Juice. Special Operations Command (SOCOM) is looking into cutting edge nutritional supplements and even performing enhancing drugs to give commandos an edge on the battlefield. Ben Chitty, a project manager at the command’s science and technology office, tells Defense News that SOCOM is looking into drugs and supplements that can help operators thrive in extreme environments, both at high altitude and deep underwater. Chitty emphasizes, however, that SOCOM intends to prioritize the health and safety of any substances given to special operators instead of pumping them full of risky pharmaceuticals.
Turkey. Turkish President Recep Tayyip Erdogan was in town for a meeting with President Trump on Tuesday in the wake of Trump’s decision to directly arm U.S.-backed Kurds to fight the Islamic State. Despite Turkey’s vocal opposition to the decision last week, both Erdogan and Trump were cordial. In a nod to Turkey’s anxiety over the rise of Kurdish nationalism in Syria, Trump emphasized that the U.S. will give groups like Kurdish PKK terrorist organization “no safe quarter.” Still, Erdogan said the U.S. partnership with the Kurdish YPG is “absolutely unacceptable” to Turkey, which considers the group a terrorist organization league with the PKK.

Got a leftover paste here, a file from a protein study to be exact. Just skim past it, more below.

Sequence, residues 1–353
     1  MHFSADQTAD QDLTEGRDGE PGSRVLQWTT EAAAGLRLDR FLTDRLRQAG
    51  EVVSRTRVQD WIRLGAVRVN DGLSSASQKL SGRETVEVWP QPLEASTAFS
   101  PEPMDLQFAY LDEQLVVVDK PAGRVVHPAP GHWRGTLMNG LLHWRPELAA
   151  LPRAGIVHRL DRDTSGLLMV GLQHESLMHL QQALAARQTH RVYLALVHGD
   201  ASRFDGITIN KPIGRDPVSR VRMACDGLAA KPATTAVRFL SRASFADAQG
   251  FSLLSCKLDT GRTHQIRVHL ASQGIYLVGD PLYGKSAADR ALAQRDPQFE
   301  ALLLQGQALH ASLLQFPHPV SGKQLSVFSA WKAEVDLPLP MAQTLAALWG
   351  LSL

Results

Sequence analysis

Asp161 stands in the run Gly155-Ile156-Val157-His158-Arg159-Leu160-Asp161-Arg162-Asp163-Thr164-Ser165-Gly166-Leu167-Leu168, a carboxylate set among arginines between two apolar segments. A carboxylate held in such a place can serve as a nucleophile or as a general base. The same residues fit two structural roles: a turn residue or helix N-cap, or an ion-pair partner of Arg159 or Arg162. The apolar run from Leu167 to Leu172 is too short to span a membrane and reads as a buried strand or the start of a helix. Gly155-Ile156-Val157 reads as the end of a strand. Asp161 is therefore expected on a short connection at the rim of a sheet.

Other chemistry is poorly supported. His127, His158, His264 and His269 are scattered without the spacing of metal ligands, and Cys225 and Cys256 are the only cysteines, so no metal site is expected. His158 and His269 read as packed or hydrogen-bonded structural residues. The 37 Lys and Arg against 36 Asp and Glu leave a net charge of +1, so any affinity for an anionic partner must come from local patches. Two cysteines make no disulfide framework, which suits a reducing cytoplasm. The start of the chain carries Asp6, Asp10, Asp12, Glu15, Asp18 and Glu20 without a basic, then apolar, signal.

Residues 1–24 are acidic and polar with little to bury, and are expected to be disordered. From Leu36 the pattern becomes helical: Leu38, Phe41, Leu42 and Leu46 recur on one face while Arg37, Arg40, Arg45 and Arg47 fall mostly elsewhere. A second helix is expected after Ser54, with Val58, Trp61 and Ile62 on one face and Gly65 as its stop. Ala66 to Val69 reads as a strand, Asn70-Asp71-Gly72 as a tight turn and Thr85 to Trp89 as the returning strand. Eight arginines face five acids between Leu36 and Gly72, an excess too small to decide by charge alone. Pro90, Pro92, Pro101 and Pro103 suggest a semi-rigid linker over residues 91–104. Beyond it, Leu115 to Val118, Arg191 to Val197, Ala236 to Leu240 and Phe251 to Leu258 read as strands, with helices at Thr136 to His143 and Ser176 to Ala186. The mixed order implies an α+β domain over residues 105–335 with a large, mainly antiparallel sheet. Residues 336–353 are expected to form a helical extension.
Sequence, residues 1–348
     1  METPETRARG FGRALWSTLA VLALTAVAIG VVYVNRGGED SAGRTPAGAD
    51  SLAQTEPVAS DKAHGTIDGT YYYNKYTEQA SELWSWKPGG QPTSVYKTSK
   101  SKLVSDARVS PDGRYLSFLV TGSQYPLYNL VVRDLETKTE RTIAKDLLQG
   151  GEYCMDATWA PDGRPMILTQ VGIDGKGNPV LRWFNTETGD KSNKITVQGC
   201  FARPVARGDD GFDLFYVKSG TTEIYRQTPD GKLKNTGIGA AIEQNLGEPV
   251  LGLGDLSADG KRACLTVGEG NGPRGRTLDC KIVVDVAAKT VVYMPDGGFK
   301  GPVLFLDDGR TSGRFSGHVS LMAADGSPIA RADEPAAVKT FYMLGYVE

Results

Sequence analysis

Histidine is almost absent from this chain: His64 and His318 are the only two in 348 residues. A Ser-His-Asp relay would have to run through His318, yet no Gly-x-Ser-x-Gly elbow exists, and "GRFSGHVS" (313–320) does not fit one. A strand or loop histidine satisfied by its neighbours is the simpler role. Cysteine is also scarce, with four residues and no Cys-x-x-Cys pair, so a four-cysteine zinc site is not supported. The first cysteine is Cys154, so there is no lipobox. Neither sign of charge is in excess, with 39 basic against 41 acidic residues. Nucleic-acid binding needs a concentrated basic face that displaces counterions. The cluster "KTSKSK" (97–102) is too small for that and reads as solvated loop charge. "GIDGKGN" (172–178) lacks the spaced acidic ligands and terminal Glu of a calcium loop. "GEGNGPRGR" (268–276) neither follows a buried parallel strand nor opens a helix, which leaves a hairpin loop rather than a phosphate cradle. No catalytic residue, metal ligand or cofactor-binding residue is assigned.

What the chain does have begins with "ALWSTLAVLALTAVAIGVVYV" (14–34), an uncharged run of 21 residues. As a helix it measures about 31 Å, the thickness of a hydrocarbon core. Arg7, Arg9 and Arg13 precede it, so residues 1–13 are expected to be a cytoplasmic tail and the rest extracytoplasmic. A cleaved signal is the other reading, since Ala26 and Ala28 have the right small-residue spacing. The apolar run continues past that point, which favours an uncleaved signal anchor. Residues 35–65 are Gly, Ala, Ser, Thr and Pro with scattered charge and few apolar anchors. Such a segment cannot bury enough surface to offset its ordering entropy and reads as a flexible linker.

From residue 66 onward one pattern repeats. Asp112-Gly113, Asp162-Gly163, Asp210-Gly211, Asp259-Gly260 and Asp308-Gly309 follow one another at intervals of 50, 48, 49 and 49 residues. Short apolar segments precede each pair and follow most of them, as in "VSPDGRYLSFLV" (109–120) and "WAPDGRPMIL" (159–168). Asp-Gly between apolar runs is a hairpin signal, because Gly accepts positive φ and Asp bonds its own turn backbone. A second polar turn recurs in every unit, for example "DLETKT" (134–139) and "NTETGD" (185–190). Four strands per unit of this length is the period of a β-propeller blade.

But all was not as calm outside the White House, especially not outside the Turkish ambassador’s residence where Erdogan backers broke through police lines and assaulted protesters. Video of the incident shows Erdogan supports charging protests and beating them bloody while Washington, D.C. police struggle to bring calm. CNN reports that a total of nine people were injured in the incident.
Fully armed and operational. The controversial U.S. anti-missile system deployed to South Korea is already up and running, detecting North Korean missiles. Reuters reports that the South Korean Defense Minister Han Min-koo said the U.S. Terminal High Altitude Area Defense system’s radar had helped track North Korea’s launch of an intermediate-range ballistic missile tested over the weekend. The U.S. and South Korea agreed to deploy the system on a golf course in South Korea, but the battery has garnered opposition, both from China and South Koreans.